More than 200 species of stink bugs call North America home. As many as 60 species live in Georgia. One more was recently discovered in southern South Carolina.
The brown marmorated stink bug, or Halyomorpha halys, will likely soon invade Georgia, according to a University of Georgia entomologist.
The kudzu bug invaded Georgia in 2009. So called because it munches on the infamous kudzu, but it also likes soybeans, a valuable Georgia crop. Like the kudzu bug, the brown marmorated is an invader, originating from Asia.
It likely found its way to America on a freight container or smuggled in merchandise. Today it is reported in 33 states, including Oregon, California, South Carolina and Florida.
A brown marmorated stink bug adult is half an inch long and dark mottled brown. Distinct light bands mark its antennae. Exposed areas of the abdomen are dark and light banded. Females lay clusters of light green, barrel-shaped eggs on the undersides of leaves. In Asia, four generations can be produced in a single season.
Georgia may be warm enough to foster three broods a season, meaning the population will increase faster than it has in Pennsylvania and Maryland.
Fall could draw these insects inside homes. Temperatures that dip into the 40s push insects indoors, according to Dan Horton, an entomologist with UGA Cooperative Extension.
"Bugs behave not that dissimilar from you and me. If you need a jacket or heavy long-sleeved shirt, creatures will be looking to warm-up too," Horton said. "We are not too far from a cold snap of having them looking to head inside."
If you do find them indoors, try not to squash them. As their name implies, they emit stink. "This is a much larger stink bug than the kudzu bug and is more likely to have more of a gross-out factor for homeowners who find the intruder in their living room," Horton said. "Homeowner encounters will be the first source of our concern."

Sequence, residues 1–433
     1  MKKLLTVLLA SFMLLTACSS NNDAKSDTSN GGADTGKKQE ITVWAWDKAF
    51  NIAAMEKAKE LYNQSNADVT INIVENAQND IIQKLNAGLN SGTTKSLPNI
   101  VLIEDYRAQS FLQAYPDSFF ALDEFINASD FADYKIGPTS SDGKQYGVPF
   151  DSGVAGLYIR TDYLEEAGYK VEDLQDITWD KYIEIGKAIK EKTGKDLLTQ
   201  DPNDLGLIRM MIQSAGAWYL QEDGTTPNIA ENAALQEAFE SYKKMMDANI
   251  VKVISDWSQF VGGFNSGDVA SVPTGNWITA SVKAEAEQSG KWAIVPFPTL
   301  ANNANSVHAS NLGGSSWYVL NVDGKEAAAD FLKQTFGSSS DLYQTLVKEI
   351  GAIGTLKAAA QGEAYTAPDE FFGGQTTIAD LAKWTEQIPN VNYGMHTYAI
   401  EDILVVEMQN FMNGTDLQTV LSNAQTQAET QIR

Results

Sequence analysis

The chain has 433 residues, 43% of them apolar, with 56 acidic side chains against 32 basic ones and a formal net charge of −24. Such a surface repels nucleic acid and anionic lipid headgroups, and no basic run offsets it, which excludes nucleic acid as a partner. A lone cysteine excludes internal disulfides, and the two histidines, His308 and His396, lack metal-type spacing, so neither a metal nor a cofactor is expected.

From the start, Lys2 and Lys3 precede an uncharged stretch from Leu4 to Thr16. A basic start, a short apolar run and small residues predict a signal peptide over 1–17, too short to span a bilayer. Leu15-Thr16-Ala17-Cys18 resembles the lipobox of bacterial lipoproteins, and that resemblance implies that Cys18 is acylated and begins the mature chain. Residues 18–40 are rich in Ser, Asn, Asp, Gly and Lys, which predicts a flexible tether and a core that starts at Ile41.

The stink bug will look for food sources beginning next spring.
"In the Asian literature, the insect is a nuisance pest as well as an agricultural pest because of its propensity to feed on numerous vegetable and row crops, and fruits and ornamentals," Hoebeke said.
"It has the potential to be a threat to Georgia's agricultural industry if established populations reach large numbers as in the North. They have sucking mouthparts to feed on fruits causing the fruit to dimple and the flesh to rot."
In 2010, Maryland and Pennsylvania reported serious damage to apple and grape harvests.
"This is like the invasion of the kudzu bug II, a small, curious little creature, which can be bad if you have 700 in your house, but it could be a bigger problem if it feeds on our agricultural products," said Horton.
When this newest stink bug does cross the state line, citizen scientists can help. Entomologists at UGA want to document the establishment and spread of this invasive species in Georgia and to alert proper agricultural authorities with up-to-date information.
Send digital images of a suspected stink bug to firstname.lastname@example.org. Ship specimens in a crush-proof container to E. R. Hoebeke, Collection of Arthropods, Georgia Museum of Natural History, University of Georgia, Athens, Ga., 30602.
To prepare the insect for the trip, capture one alive, place it in a container and put it in the freezer to kill it. Then carefully wrap and mail it. Please include the city or town the stink bug was collected in, date of collection and contact information.
Adapted from Georgia FACES, Editor: April R. Sorrow, University of Georgia College of Agricultural and Environmental Sciences.